Catlin said: “It’s my second time coming to Saudi Arabia and when I played the Saudi International it was a top class event and this is right up there with it. Everything so far has been run very, very well, the facilities are really good and I am enjoying myself for sure. Good players like playing good events, and if you put on a good event like this, you’re going to get a strong field.

“I played solid golf. It was playing difficult out there and the wind picked up from the start. You had to think your way around and I did that quite well. I had control of my ball flight and was able to get the ball pin high a lot, which is difficult out here. I holed a few nice putts too. I look forward to the challenge tomorrow when we might see even more wind.”

Khalid Walid Attieh made history in Oman earlier this year when he became the first Saudi amateur to make a cut at the International Series event in Muscat and he carried on his strong form on the opening day in Riyadh. His round of 72 was the best among the seven Saudi golfers in the field, while Moroccan Ayoub Lguirati ended on one-under par to lead the 20 invited Arab golfers.

Attieh said: “I was really pleased with how I played this morning as the wind made it really difficult. But my performance was at a good level and it confirmed to me that I am not far away from competing regularly with the best players on the Asian Tour.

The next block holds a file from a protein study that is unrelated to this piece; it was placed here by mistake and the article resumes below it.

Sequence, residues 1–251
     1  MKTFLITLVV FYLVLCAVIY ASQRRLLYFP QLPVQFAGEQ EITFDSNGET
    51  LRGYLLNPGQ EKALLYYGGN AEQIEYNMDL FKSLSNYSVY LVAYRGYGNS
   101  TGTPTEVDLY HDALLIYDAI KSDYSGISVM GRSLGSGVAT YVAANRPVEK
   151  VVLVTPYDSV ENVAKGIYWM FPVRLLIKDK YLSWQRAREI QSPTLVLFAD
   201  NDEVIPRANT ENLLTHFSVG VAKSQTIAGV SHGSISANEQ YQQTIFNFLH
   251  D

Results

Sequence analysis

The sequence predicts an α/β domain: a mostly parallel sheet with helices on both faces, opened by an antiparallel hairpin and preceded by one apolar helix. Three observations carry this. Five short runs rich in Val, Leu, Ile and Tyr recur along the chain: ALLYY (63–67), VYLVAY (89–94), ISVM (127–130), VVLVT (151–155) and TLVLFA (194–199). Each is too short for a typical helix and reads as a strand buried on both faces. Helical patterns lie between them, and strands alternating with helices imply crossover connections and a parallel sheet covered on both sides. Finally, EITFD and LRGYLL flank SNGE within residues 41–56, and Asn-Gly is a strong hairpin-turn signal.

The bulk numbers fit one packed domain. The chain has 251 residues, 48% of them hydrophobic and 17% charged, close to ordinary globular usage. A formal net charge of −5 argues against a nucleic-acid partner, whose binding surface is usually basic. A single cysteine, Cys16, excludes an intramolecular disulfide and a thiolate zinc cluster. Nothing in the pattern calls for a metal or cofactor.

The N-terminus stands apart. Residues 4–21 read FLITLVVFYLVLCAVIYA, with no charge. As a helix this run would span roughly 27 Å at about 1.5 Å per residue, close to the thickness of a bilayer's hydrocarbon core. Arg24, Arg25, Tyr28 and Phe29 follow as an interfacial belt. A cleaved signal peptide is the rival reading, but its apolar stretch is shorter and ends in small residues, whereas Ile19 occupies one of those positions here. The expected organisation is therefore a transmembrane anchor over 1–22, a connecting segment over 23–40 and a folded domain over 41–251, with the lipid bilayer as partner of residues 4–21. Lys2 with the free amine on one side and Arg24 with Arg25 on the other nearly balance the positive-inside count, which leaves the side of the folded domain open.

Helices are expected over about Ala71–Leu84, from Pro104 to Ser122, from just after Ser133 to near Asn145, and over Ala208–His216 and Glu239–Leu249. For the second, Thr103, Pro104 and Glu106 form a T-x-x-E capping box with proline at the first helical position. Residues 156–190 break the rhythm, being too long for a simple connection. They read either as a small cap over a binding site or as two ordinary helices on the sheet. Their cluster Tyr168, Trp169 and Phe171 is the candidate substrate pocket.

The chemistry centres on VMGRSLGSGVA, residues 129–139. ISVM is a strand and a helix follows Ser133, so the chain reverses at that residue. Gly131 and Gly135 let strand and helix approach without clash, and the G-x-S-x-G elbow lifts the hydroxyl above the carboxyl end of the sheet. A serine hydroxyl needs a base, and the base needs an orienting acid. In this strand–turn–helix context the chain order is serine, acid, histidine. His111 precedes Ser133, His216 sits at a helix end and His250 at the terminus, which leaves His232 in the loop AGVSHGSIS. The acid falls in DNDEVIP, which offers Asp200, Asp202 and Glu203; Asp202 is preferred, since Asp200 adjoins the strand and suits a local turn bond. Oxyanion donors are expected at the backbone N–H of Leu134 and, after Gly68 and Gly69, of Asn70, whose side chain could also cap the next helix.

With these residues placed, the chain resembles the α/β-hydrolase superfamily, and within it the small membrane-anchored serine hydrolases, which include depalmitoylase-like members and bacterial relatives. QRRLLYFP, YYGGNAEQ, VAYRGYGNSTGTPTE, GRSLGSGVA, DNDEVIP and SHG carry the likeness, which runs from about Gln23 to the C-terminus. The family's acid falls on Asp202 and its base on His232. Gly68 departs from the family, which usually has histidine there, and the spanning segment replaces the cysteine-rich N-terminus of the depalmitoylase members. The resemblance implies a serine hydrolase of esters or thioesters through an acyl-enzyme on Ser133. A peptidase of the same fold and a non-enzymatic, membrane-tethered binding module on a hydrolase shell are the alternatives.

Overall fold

“It is vital that Saudi players are given the opportunity to play in events with fields as strong as this, because we are all developing quickly. I thank Golf Saudi for their support and for the chance to play on the Asian Tour again.”

Last year’s runner-up Henrik Stenson is well placed to make a charge at two-under-par, while reigning champion Denwit Boriboonsub is one short further back after two bogeys in his final six holes.

The PIF Moment of the Day belonged to Thai golfer Itthipat Buranatanyarat, who teed off on the 10th hole and birdied his third, fourth, fifth and sixth holes of the day to storm to five-under-par, before ending the day joint-10th on three-under-par.


12-year-old Saudi karting sensation dreams of glory at motorsport’s highest level

12-year-old Saudi karting sensation dreams of glory at motorsport’s highest level
Updated 17 April 2024
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12-year-old Saudi karting sensation dreams of glory at motorsport’s highest level